Is Proof of Stake a Rich get Richer Scheme?
Dear Bankless Nation,
Proof of Work (PoW) relies on energy + ASICs to secure a blockchain network.
Proof of Stake (PoS) relies on tokenized ASICs….staked tokens.
The former is where a lot of criticisms come from the mainstream.
“Bitcoin uses more energy than some countries!”
“Crypto is killing our environment!”
“NFTs are bad for the climate”
While there are arguments against these claims, Proof of Stake eliminates the argument entirely.
Proof of stake doesn’t use energy for security, it uses capital in the form of the network’s native asset (like ETH for Ethereum). As a result, energy consumption drops down to virtually zero while maintaining the same (if not greater) security guarantees.
Given this advantage, most newer blockchains leverage PoS—including Ethereum with the upcoming merge. Sounds like a good deal.
But is there a tradeoff?
I’ve heard some compare PoS to our existing fiat system which favors the rich. Proof of work is better they say. Unlike PoW, PoS has minimal operation costs so there’s no forcing function requiring people to sell the rewards to pay for the costs. The rich get richer.
Does proof of stake lead to greater wealth concentration than proof of work?
Is Proof of Stake just a “rich get richer” scheme?
Today’s writer argues no. And he provides a model to back it up.
Let’s dive in.
Guest Writer: ChainLeft is a data scientist and a blockchain use case curator. He also regularly writes about NFTs and built NFTarchive.xyz
- Contrary to criticisms, the forces that could centralize PoS tend to impact PoW in exactly the same way
- Due to economies of scale, PoW becomes more centralized than PoS in the long run
Proof of Stake adoption
It seems like Proof of Stake (PoS) is the hottest Sybil resistance mechanism out there. New Layer 1 chains are mostly built with PoS instead of PoW (Proof of Work) while Ethereum is soon merging with its PoS Beacon Chain.
One of the main reasons for this trend is that PoS spends significantly less energy to secure a network than PoW. Since the biggest concern surrounding crypto has been about the amount of energy wasted by ASIC/GPU mining, PoS opens up a whole new door for more people to join this new world.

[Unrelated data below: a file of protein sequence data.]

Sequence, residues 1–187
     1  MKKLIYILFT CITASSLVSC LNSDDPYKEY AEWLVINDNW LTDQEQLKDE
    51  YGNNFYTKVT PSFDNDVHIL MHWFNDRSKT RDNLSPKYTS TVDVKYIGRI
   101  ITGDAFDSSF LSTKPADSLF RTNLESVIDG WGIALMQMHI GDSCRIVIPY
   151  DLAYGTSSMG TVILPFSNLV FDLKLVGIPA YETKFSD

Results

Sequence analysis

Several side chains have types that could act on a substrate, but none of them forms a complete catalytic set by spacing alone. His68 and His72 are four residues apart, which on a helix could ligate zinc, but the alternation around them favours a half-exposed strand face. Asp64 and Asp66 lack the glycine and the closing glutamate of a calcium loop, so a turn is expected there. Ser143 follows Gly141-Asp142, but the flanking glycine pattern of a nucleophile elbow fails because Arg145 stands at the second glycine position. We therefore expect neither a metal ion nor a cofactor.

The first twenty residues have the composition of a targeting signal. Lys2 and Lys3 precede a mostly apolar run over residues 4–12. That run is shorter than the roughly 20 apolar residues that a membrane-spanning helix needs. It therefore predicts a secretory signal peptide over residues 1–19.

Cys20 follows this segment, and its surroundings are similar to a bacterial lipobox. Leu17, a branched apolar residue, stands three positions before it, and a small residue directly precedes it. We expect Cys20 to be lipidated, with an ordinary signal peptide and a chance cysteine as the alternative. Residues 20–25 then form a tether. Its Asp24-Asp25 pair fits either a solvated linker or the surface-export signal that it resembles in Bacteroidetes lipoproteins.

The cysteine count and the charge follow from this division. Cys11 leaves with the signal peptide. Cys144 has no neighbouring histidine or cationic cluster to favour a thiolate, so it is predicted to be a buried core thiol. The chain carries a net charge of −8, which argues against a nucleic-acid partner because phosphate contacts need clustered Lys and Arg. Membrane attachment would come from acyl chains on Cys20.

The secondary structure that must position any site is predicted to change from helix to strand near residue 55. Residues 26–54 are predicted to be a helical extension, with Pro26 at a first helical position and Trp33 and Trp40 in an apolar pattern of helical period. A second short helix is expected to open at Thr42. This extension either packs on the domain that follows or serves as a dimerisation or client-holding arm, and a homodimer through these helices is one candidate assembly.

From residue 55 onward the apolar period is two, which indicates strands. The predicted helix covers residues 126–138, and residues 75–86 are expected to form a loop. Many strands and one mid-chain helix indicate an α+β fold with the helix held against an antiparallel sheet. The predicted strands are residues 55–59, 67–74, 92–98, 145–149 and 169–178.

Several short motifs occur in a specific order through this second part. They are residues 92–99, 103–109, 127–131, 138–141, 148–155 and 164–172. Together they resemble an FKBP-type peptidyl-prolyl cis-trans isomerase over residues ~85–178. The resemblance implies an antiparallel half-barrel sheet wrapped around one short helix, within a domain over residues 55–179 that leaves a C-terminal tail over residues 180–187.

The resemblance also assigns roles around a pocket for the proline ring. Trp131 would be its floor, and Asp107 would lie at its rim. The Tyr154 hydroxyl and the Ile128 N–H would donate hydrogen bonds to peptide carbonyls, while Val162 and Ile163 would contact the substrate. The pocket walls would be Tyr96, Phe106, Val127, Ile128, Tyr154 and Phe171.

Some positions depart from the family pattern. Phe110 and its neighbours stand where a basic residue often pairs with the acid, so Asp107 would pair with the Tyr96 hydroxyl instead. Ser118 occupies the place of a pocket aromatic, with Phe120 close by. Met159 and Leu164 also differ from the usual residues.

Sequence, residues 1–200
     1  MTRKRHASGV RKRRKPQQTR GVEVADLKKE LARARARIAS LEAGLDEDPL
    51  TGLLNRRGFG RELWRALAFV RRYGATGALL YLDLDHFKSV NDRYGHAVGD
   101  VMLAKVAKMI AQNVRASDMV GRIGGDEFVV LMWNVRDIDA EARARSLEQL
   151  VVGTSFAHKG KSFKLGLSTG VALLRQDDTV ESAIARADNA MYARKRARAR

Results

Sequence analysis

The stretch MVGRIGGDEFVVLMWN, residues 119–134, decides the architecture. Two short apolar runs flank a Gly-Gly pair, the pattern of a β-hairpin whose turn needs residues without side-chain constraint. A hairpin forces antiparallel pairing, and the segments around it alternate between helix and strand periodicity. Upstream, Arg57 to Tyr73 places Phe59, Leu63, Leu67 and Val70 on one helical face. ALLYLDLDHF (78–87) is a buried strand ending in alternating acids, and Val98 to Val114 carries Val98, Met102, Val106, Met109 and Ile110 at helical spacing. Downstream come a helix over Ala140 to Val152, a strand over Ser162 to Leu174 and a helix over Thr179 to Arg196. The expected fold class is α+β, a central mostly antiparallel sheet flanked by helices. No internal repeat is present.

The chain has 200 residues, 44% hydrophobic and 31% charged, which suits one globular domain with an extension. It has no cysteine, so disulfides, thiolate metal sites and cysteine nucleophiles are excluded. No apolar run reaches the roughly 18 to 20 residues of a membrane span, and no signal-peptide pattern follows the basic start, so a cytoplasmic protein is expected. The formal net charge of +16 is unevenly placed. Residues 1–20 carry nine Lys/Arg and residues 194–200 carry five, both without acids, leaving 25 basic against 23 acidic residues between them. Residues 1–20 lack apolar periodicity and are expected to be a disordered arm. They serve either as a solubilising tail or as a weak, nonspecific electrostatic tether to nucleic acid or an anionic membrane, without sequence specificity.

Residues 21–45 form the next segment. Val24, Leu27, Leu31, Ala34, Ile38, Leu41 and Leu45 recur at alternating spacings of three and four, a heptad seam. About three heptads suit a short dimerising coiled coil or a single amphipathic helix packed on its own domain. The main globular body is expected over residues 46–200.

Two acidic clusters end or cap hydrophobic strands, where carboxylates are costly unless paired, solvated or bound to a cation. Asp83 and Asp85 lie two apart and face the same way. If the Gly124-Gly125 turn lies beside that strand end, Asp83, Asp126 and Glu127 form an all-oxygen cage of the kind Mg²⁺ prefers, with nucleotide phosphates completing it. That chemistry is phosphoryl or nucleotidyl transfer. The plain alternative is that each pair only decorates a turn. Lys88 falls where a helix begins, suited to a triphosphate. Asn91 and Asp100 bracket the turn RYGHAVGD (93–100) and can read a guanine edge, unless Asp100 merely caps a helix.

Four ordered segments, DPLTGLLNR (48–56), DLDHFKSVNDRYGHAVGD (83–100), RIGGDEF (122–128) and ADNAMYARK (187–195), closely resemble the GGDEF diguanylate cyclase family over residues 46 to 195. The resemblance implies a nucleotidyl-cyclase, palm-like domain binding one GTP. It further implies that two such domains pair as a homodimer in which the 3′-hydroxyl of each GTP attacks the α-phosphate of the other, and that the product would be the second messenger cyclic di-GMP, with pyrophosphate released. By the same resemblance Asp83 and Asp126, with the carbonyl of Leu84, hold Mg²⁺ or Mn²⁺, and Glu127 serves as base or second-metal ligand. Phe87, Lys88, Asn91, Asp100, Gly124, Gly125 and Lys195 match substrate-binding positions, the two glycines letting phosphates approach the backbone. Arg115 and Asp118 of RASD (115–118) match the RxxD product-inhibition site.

Of course, like everything in cryptos, there are camps. People are tribal. Critics say PoS is a “rich get richer” scheme: The rich will simply stake their wealth and get richer with stake rewards, which will result in the centralization of the network.
The same critics tend to praise PoW due to its off-chain properties: Everyone has access to mining equipment. Also, even if you are rich, you still have to buy/rent mining equipment. The mere fact that you have to spend money on mining equipment prevents rent-seeking behavior.
In this article, I will explain that “rich get richer” does not apply to PoS, at least not more than to PoW. In fact, I will further argue that PoW becomes more centralized than PoS in the long run.
Arguments from the Proof of Work Camp
Before we get deeper, let’s consider four categories of entities:
- Rich staker: A node operator who staked a significant amount in a PoS network
- Rich miner: A miner who invested a significant amount into mining rigs in a PoW network
- Poor staker: A node operator who staked a small amount in a PoS network
- Poor miner: A miner who invested a small amount into a mining rig in a PoW network
For convenience, I am using the word “poor” instead of “less rich”.
The “rich get richer” argument makes some core assumptions to arrive at this conclusion. These assumptions simply focus on rich stakers; however what they are missing is the fact that these assumptions apply directly to all participants in both mechanisms, including rich miners, poor stakers, and poor miners.
Let’s break these assumptions down:
1. “Stakers simply compound their wealth.”
The assumption here is that stakers never take profits. This is not true for everyone of course; but even if it were true, the very same assumption can be applied to the miners in a PoW network too. Even though there are higher costs associated with PoW, miners can (and do) reinvest their rewards into new ASIC equipment, increasing their share of hash rate within the network.